On the whole, a contingency view of alignment considers the increase in ergativity as a by-product of the restoration of the OIA aspectual triad: Imperfective–Perfective–Perfect (in morphological terms Present–Aorist–Perfect). The NIA Perfective and Perfect are aligned ergatively, while their finite OIA ancestors (Aorist and Perfect) were aligned accusatively. Detailed linguistic analysis of Middle Indo-Aryan texts offers us a unique opportunity for a deeper comprehension of the formative period of the NIA state of affairs.
Ans van Kemenade
The status of English in the early 21st century makes it hard to imagine that the language started out as an assortment of North Sea Germanic dialects spoken in parts of England only by immigrants from the continent. Itself soon under threat, first from the language(s) spoken by Viking invaders, then from French as spoken by the Norman conquerors, English continued to thrive as an essentially West-Germanic language that did, however, undergo some profound changes resulting from contact with Scandinavian and French. A further decisive period of change is the late Middle Ages, which started a tremendous societal scale-up that triggered pervasive multilingualism. These repeated layers of contact between different populations, first locally, then nationally, followed by standardization and 18th-century codification, metamorphosed English into a language closely related to, yet quite distinct from, its closest relatives Dutch and German in nearly all language domains, not least in word order, grammar, and pronunciation.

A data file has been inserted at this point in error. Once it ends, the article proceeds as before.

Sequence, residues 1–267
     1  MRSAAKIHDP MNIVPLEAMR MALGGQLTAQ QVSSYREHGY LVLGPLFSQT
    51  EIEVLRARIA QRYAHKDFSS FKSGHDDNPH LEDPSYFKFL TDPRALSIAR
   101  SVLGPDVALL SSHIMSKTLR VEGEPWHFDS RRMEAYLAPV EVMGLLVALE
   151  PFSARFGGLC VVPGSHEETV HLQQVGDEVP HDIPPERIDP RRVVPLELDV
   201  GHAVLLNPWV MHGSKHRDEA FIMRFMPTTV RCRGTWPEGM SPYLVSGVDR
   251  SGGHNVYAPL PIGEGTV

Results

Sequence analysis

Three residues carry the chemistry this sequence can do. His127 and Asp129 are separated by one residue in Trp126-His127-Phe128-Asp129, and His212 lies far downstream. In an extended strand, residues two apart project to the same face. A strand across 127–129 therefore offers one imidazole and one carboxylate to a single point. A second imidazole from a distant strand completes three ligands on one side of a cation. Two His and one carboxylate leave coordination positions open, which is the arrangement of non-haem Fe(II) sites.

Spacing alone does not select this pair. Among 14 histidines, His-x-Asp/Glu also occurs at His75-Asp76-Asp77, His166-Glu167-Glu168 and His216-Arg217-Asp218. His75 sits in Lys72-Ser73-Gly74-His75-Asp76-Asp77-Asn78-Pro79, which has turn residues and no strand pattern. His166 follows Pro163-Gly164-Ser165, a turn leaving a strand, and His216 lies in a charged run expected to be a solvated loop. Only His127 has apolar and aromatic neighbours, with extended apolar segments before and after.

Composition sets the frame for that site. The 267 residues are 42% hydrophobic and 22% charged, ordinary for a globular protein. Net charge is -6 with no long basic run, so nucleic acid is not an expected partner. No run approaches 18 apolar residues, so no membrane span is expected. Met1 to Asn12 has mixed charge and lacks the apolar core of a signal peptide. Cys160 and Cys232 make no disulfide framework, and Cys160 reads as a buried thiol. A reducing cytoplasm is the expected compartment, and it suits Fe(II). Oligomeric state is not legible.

Hokan is a linguistic stock or phylum based on a series of hypotheses about deeper genetic relationships among languages that extend geographically from Northern California to Nicaragua. Following the general effort to genetically link the vast number of Native American languages and to reduce them to a few superstocks, Dixon and Kroeber first proposed the Hokan stock in 1913, to include several California indigenous languages: Karuk, Chimariko, Shastan, Palaihnihan (Atsugewi and Achumawi), Pomoan, Yana, and later Esselen and Yuman. The name Hokan stems from the Atsugewi word for “two”: hoqi. While the first proposals by Dixon and Kroeber rested on very limited cognate sets comprising only five words, later assessments by Sapir included hundreds of putative cognate sets and analyses of Hokan morphosyntax. By 1925, Sapir further included Washo, Salinan, Seri, Chumashan, Tequistlatecan, and Subtiaba-Tlapanec as the Southern Hokan branch into the stock.